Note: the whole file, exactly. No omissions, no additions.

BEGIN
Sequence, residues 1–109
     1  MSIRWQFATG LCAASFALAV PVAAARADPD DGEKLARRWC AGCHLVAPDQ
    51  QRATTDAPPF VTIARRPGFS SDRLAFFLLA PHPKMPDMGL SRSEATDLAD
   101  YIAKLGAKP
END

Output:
Sequence, residues 1–109
     1  MSIRWQFATG LCAASFALAV PVAAARADPD DGEKLARRWC AGCHLVAPDQ
    51  QRATTDAPPF VTIARRPGFS SDRLAFFLLA PHPKMPDMGL SRSEATDLAD
   101  YIAKLGAKP